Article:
Patches of hair may be gone in many men, but the stem cells that make hair are still there. This unexpected finding is raising hopes of a cure for baldness.
By comparing bald and hairy patches in scalp samples from 54 men undergoing restoration treatments, George Cotsarelis at the University of Pennsylvania School of Medicine in Philadelphia and colleagues discovered that although both had similar numbers of stem cells, most of those in the bald patches fail to develop to the next stage.
In samples from the same individuals, stem cells that had matured into so-called “progenitor cells” were 10 to 100 times as abundant on hairy patches as on bald ones, suggesting they are the key to hair growth.
If a way can be found to reawaken the stem cells, it could provide a shortcut to new hair for millions of men with male-pattern baldness.
“The fact that [the stem cells] are there at all is pretty exciting, and lowers the bar for treatment,” says Cotsarelis. “I’m generally very pessimistic about the prospects for treatment, so we were surprised to find such a large and normal complement of stem cells in the bald patches.”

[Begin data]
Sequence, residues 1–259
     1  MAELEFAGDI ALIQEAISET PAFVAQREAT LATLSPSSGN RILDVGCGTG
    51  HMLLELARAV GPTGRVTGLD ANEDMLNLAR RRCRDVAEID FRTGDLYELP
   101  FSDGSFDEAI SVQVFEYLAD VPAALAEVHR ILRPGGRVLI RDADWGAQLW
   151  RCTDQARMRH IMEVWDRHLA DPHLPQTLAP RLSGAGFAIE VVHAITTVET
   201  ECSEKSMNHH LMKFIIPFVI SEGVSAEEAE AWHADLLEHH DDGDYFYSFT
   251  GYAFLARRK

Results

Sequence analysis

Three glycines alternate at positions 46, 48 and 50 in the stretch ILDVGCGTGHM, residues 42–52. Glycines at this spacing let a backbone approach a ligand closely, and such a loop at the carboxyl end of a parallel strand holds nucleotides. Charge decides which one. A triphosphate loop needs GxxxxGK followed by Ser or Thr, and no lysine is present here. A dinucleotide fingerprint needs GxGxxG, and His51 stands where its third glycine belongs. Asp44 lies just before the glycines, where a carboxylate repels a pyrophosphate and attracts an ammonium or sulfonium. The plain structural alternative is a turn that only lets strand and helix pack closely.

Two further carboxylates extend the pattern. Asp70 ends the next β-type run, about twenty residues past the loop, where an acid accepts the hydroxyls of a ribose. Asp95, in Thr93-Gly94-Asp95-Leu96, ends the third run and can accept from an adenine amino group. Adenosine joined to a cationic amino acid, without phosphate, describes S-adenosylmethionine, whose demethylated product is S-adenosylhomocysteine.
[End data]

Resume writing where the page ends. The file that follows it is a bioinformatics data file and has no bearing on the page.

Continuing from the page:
Now the team is investigating why some of the stem cells become dormant while others remain active. “It could be the lack of a stimulus, or too much of an inhibitor on different parts of the scalp,” says Cotsarelis. “We’re working on that now, and have some leads, but this is a very early step in development of a treatment.”
Encouragingly, the team reports in the same paper that mouse progenitor cells were capable of regenerating entire hair follicles. This suggests that the same might be possible in people, if progenitor cells can be made from reawakened stem cells.
In earlier experiments, Cotsarelis also showed that in mice, transplanted follicular stem cells were able to regenerate hair.
One possibility would be to take stem cells from balding men, multiply these into progenitor cells, and then return them to the scalp. Another is to find a chemical signal that reawakens the stem cells, so it could simply be rubbed onto the bald areas of the scalp.
Cotsarelis says that although the finding is in men, it may be also be applicable to women. “Some 30 per cent of women have some degree of female-pattern hair loss by the age of 50,” he says.